Shadow Government

A front-row seat to the Republicans' debate over foreign policy, including their critique of the Biden administration.

General Allen’s departure is unfortunate but not a civil-military scandal

It is customary for beltway types to snicker when a senior official in the government indicates that he or she is stepping away from power in order to "spend more time with my family." I think that attitude is unfortunate and regret having done my fair share of snickering in the past. The truth is ...

Alex Wong/Getty Images
Alex Wong/Getty Images
Alex Wong/Getty Images

It is customary for beltway types to snicker when a senior official in the government indicates that he or she is stepping away from power in order to "spend more time with my family." I think that attitude is unfortunate and regret having done my fair share of snickering in the past. The truth is that service at the highest-most levels of government can be exceptionally demanding, and it is usually the family that pays the biggest price. So I now have a rule of thumb that presumes any such claim is true unless there is strong evidence to the contrary.  

That is how I reacted to the news that will General Allen turn down a possible assignment to be SACEUR. General Allen's explanation -- that after multiple combat tours he needs to spend more time with an ailing wife -- rings true to me. And after checking with some people who are in a better position to know, I am even more confident of this judgment.

It is customary for beltway types to snicker when a senior official in the government indicates that he or she is stepping away from power in order to "spend more time with my family." I think that attitude is unfortunate and regret having done my fair share of snickering in the past. The truth is that service at the highest-most levels of government can be exceptionally demanding, and it is usually the family that pays the biggest price. So I now have a rule of thumb that presumes any such claim is true unless there is strong evidence to the contrary.  

That is how I reacted to the news that will General Allen turn down a possible assignment to be SACEUR. General Allen’s explanation — that after multiple combat tours he needs to spend more time with an ailing wife — rings true to me. And after checking with some people who are in a better position to know, I am even more confident of this judgment.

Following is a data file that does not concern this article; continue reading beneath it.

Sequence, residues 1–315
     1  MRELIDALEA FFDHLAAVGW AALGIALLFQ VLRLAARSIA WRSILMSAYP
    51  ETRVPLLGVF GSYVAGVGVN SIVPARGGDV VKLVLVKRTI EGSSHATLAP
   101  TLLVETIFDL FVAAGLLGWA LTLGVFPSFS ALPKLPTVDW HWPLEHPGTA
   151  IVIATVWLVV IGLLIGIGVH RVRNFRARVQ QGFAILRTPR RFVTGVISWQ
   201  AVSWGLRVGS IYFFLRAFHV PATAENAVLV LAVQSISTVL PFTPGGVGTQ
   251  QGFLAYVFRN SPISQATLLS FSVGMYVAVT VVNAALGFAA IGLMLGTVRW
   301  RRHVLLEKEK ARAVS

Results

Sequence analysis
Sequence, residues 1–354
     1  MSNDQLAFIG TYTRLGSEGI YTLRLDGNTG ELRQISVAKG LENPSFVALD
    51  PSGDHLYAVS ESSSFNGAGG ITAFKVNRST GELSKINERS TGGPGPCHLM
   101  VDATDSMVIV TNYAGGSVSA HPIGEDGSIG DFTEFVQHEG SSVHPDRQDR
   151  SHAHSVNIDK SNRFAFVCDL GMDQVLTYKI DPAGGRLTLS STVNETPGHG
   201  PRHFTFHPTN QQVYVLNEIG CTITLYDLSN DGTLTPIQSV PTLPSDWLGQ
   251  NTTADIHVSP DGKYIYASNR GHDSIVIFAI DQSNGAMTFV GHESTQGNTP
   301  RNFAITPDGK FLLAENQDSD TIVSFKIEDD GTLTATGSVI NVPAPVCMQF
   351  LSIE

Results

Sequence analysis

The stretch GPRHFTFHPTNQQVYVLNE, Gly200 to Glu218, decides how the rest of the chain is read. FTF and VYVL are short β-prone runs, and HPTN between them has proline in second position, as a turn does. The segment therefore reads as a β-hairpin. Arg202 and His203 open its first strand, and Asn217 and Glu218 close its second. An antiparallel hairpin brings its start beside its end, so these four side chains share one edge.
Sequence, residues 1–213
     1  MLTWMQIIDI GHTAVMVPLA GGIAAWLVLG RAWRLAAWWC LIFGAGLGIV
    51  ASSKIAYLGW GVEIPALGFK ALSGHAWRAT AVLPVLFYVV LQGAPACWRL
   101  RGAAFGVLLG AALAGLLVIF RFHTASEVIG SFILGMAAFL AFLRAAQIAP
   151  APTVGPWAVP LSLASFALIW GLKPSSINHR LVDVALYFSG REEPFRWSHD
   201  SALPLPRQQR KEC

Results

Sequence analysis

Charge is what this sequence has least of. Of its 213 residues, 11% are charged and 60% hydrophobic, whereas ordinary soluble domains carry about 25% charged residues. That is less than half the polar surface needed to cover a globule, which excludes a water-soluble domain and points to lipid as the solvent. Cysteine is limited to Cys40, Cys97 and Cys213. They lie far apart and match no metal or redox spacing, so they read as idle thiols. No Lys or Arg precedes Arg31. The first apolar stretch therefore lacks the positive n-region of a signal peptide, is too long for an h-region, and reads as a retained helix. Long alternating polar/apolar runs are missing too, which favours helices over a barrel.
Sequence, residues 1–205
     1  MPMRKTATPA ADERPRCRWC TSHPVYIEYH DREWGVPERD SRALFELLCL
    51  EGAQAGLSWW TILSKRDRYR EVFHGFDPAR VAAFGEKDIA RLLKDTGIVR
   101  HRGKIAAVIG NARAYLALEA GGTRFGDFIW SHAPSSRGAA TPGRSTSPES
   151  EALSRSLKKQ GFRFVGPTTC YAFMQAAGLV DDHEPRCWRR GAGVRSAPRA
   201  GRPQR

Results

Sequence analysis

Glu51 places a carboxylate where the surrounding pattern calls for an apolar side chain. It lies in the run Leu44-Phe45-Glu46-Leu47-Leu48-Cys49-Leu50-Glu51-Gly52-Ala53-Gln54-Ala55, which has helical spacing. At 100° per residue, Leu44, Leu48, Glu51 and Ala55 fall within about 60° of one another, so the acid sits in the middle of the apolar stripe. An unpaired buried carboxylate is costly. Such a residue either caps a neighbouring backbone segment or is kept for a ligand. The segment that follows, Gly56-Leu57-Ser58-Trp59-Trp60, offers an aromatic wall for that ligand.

Some critics have charged that General Allen was forced to step away, raising questions about a growing politicization of the military engendered by a hyper-partisan White House. The White House did do something like that with respect to General James Mattis, so the allegation was not wildly implausible. But in Allen’s case, I do not think it was correct. 

The Obama Administration has enough real civil-military challenges to manage. It does not need to be distracted by fake ones. General Allen’s departure should not become such a distraction.

Peter D. Feaver is a professor of political science and public policy at Duke University, where he directs the Program in American Grand Strategy.

More from Foreign Policy

An illustration shows George Kennan, the father of Cold War containment strategy.
An illustration shows George Kennan, the father of Cold War containment strategy.

Is Cold War Inevitable?

A new biography of George Kennan, the father of containment, raises questions about whether the old Cold War—and the emerging one with China—could have been avoided.

U.S. President Joe Biden speaks on the DISCLOSE Act.
U.S. President Joe Biden speaks on the DISCLOSE Act.

So You Want to Buy an Ambassadorship

The United States is the only Western government that routinely rewards mega-donors with top diplomatic posts.

Chinese President Xi jinping  toasts the guests during a banquet marking the 70th anniversary of the founding of the People's Republic of China on September 30, 2019 in Beijing, China.
Chinese President Xi jinping toasts the guests during a banquet marking the 70th anniversary of the founding of the People's Republic of China on September 30, 2019 in Beijing, China.

Can China Pull Off Its Charm Offensive?

Why Beijing’s foreign-policy reset will—or won’t—work out.

Turkish Defense Minister Hulusi Akar chairs a meeting in Ankara, Turkey on Nov. 21, 2022.
Turkish Defense Minister Hulusi Akar chairs a meeting in Ankara, Turkey on Nov. 21, 2022.

Turkey’s Problem Isn’t Sweden. It’s the United States.

Erdogan has focused on Stockholm’s stance toward Kurdish exile groups, but Ankara’s real demand is the end of U.S. support for Kurds in Syria.